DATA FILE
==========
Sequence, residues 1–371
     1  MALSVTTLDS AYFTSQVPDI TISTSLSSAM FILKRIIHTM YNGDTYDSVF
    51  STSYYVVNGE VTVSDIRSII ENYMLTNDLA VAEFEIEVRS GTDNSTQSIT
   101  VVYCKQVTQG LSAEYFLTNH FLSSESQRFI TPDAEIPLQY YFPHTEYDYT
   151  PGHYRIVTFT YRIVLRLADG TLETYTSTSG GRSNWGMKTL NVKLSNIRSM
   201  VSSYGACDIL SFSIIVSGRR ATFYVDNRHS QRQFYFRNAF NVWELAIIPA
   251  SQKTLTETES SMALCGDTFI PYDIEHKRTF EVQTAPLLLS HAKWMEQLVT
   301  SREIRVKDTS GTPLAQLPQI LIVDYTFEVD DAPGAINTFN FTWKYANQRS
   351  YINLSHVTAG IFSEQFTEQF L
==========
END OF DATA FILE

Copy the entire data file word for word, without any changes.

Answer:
Sequence, residues 1–371
     1  MALSVTTLDS AYFTSQVPDI TISTSLSSAM FILKRIIHTM YNGDTYDSVF
    51  STSYYVVNGE VTVSDIRSII ENYMLTNDLA VAEFEIEVRS GTDNSTQSIT
   101  VVYCKQVTQG LSAEYFLTNH FLSSESQRFI TPDAEIPLQY YFPHTEYDYT
   151  PGHYRIVTFT YRIVLRLADG TLETYTSTSG GRSNWGMKTL NVKLSNIRSM
   201  VSSYGACDIL SFSIIVSGRR ATFYVDNRHS QRQFYFRNAF NVWELAIIPA
   251  SQKTLTETES SMALCGDTFI PYDIEHKRTF EVQTAPLLLS HAKWMEQLVT
   301  SREIRVKDTS GTPLAQLPQI LIVDYTFEVD DAPGAINTFN FTWKYANQRS
   351  YINLSHVTAG IFSEQFTEQF L